Writings and observations

Coal fired: The future of Centralia

col fired testimony
Coal fired testimony at House Environment/capture from TVW

The big hearing at Olympia today is centered on a subject of largest interest about 45 minutes south – at Centralia. But it’s a very big deal in Centralia: There, among other things, it means jobs. The bill (House Bill 1825) calls for phasing out coal-fired plants – it sets up an institutionalized structure for it – in Washington, and the one significant one in Washington is at Centralia. There, Trans-Alta employs about 350 people.

The plant has been slated for operating generally as is through 2025, by which time it would transition from coal; the bill would considerably shorten that, to as early as 2015.

A number of them seem to have shown up at the House Environment Committee hearing on the bill, which was proposed by a group of mainly Seattle legislators (17 of them, including the Environment chair). A goodly number of backers were there too.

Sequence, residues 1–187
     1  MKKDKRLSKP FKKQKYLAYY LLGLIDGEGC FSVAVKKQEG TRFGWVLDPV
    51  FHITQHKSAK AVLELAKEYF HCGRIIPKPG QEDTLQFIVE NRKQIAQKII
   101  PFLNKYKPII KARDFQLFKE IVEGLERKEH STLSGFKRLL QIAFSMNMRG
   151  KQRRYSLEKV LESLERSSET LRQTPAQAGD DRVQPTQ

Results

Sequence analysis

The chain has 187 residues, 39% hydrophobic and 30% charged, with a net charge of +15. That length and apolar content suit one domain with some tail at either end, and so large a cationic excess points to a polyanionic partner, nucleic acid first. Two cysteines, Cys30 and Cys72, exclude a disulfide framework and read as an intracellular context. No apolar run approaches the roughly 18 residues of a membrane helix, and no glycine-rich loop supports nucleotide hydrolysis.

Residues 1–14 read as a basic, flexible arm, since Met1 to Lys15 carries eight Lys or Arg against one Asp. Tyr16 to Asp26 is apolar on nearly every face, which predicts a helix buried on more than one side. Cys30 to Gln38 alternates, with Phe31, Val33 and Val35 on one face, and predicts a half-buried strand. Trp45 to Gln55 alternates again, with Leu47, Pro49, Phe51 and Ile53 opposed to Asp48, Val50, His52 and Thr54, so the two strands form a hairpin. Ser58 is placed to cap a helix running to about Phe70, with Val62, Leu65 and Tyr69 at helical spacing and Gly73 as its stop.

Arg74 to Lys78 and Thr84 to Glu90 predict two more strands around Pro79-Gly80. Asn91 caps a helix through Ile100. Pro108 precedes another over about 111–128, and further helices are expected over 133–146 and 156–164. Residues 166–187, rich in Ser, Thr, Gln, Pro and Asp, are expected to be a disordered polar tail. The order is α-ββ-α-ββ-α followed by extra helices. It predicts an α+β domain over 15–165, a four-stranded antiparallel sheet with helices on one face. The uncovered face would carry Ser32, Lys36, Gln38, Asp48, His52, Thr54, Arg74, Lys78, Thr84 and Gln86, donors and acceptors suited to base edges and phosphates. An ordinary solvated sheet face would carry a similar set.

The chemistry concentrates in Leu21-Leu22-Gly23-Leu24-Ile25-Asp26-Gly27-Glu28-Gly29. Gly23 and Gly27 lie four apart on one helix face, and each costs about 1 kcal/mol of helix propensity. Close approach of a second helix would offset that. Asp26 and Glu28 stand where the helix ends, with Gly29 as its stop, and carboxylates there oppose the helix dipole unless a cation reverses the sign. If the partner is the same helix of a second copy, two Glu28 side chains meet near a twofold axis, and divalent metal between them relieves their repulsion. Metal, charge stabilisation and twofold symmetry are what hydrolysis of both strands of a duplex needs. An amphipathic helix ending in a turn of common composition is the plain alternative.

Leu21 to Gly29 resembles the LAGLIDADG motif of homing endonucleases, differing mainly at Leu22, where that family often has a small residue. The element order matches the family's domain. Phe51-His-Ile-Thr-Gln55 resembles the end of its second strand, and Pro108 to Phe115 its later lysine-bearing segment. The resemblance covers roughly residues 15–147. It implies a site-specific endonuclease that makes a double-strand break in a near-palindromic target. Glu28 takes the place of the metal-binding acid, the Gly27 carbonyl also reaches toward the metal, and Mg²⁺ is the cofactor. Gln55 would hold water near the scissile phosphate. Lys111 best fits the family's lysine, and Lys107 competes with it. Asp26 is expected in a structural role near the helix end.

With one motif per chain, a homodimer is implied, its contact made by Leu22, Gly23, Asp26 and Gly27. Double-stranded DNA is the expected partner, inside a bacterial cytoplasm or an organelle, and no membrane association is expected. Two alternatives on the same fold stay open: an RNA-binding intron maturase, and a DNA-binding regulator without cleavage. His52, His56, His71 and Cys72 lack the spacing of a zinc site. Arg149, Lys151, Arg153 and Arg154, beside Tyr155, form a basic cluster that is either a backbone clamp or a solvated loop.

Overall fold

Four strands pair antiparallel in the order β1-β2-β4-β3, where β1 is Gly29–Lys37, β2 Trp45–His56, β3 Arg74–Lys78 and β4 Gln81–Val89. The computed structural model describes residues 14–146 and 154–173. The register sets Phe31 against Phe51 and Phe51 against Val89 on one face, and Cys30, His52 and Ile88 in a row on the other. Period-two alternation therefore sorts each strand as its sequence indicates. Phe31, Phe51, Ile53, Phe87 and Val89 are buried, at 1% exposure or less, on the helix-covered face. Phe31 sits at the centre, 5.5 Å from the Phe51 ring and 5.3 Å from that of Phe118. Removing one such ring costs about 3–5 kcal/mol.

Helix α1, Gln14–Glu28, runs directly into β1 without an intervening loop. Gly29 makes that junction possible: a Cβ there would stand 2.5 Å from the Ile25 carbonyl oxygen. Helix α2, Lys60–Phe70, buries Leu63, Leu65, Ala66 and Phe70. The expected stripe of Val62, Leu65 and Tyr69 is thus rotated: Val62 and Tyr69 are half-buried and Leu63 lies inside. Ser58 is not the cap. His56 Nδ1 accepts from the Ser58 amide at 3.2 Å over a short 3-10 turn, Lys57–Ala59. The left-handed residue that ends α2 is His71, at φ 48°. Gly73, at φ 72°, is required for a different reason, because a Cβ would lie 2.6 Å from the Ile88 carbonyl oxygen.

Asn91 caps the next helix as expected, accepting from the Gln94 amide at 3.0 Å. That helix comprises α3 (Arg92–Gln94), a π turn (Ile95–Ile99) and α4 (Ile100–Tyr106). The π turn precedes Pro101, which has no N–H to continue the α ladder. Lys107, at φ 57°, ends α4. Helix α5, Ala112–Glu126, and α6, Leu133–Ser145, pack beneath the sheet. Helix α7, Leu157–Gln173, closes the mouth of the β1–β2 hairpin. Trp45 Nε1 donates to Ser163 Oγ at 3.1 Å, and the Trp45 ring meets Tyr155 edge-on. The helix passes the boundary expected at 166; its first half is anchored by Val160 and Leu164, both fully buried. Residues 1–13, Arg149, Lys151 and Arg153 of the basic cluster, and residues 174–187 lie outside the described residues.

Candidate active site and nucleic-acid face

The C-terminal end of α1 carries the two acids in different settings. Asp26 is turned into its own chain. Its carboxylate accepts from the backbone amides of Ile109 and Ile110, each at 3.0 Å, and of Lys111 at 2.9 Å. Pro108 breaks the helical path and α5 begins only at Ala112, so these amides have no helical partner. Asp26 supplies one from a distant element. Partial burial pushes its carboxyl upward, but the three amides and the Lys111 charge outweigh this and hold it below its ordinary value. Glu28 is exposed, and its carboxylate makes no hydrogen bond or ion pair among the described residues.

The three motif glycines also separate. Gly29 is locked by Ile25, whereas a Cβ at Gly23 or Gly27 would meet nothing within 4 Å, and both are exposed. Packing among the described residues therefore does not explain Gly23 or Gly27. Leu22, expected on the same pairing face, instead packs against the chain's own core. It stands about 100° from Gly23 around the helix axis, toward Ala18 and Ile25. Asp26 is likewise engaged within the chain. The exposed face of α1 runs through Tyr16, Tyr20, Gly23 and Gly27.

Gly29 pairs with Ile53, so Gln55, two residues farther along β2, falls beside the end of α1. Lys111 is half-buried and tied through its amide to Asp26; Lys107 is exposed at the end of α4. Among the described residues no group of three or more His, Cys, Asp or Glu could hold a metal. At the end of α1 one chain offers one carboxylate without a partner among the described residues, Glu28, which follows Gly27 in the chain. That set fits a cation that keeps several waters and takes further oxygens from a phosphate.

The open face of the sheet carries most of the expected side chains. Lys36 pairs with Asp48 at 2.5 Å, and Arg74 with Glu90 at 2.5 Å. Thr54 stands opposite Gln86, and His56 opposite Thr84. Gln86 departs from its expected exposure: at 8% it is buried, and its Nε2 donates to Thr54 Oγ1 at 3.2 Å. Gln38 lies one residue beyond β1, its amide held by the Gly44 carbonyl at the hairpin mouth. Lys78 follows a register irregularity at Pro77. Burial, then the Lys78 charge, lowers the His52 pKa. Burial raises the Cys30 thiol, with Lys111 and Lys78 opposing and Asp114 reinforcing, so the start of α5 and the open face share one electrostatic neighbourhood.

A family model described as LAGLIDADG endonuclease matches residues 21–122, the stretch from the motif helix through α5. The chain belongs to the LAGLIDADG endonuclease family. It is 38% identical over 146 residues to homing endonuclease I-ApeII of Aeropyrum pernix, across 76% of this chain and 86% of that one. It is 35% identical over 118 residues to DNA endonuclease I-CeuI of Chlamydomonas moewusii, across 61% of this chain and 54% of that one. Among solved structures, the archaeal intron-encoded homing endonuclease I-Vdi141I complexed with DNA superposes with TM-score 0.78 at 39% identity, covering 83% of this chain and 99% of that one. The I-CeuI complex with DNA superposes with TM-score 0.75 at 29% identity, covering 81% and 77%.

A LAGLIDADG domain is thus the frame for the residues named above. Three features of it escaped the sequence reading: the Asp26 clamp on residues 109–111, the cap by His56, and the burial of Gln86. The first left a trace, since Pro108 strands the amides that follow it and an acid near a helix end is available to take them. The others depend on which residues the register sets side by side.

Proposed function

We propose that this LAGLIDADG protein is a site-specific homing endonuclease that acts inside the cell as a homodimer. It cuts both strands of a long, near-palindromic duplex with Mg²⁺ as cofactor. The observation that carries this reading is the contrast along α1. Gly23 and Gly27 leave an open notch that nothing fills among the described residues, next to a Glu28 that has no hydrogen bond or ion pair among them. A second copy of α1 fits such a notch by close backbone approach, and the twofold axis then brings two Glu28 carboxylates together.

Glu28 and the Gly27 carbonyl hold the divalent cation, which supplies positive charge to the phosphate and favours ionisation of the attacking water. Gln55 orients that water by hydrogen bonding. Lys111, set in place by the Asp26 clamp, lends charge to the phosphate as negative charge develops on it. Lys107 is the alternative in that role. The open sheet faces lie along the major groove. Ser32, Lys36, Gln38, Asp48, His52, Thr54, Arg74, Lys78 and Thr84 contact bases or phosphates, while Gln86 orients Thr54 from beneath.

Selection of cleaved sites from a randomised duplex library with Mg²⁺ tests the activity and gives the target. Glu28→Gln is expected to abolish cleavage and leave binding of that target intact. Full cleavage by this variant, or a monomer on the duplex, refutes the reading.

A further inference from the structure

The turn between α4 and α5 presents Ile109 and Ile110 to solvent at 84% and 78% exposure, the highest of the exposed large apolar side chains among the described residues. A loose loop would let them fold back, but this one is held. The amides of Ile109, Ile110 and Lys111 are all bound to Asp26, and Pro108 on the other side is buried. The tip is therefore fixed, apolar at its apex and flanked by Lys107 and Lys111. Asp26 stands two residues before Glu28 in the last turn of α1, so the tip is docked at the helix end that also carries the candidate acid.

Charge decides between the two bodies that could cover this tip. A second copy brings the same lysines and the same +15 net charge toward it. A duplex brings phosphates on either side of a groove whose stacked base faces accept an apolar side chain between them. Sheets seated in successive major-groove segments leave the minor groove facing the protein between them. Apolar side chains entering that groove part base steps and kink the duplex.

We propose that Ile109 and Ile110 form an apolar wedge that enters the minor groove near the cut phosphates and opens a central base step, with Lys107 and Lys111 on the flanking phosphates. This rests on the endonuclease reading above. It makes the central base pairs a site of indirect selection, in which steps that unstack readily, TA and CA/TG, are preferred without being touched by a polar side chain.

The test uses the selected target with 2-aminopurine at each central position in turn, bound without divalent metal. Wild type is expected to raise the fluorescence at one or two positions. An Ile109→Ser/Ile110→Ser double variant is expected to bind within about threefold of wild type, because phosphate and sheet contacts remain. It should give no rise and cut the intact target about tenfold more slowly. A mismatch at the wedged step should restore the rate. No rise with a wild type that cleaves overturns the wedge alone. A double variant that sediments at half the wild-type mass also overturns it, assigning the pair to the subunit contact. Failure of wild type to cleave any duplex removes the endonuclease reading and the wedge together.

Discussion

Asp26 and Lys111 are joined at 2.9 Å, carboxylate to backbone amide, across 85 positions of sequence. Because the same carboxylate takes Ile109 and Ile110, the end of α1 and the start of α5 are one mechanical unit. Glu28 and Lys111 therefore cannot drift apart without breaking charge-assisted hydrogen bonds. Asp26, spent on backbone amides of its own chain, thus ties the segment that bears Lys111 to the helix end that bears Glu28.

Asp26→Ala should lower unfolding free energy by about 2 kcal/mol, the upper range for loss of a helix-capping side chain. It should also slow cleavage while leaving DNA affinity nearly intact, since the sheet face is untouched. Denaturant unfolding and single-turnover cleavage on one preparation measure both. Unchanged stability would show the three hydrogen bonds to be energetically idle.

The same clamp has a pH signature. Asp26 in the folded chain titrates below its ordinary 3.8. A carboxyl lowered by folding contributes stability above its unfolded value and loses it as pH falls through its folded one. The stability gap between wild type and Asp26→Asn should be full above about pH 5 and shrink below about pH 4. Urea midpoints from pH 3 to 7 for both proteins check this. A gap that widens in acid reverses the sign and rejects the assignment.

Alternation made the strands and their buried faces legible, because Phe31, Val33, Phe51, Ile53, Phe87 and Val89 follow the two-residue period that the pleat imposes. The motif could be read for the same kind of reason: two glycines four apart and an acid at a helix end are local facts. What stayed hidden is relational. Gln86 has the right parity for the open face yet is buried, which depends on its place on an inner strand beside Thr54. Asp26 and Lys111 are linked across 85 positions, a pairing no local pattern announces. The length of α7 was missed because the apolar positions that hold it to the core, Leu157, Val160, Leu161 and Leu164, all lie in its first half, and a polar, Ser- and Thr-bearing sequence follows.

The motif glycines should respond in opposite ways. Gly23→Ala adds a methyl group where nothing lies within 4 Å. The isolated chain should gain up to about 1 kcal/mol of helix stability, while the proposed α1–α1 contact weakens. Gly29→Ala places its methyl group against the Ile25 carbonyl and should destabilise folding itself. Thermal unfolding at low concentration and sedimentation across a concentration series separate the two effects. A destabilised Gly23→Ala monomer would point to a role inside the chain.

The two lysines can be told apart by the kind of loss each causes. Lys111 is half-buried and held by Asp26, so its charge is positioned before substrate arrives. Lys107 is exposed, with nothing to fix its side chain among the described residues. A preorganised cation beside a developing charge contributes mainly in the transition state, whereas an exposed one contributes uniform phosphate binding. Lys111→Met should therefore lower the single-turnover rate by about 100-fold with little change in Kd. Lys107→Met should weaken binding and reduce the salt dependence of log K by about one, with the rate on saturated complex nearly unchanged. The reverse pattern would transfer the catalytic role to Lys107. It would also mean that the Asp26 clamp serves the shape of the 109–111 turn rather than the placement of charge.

Politically, the majority Democratic constituencies were split: Environmental groups were among those in favor, but area labor unions were sharply critical. There were economic concerns (this could throw a block in the way of some electric power ramp-ups) and health concerns (climate change, and mercury emissions from the plant). The debate ranged from the industry’s environmental record to the substantial environmental improvements at this particular (albeit older) plant. The league of Women Voters favored the bill; so did young mother who has asthma.

One interesting set of stats grew out of the suggestion by proponents that if coal fire production had to be phased out, the transition of the plant to other uses might generate nearly comparable numbers of jobs. But the point didn’t seem to be explored in much depth during the hearing.

This could be among the more significant pieces of legislation this session. What will it mean economically? Maybe more discussion will follow.

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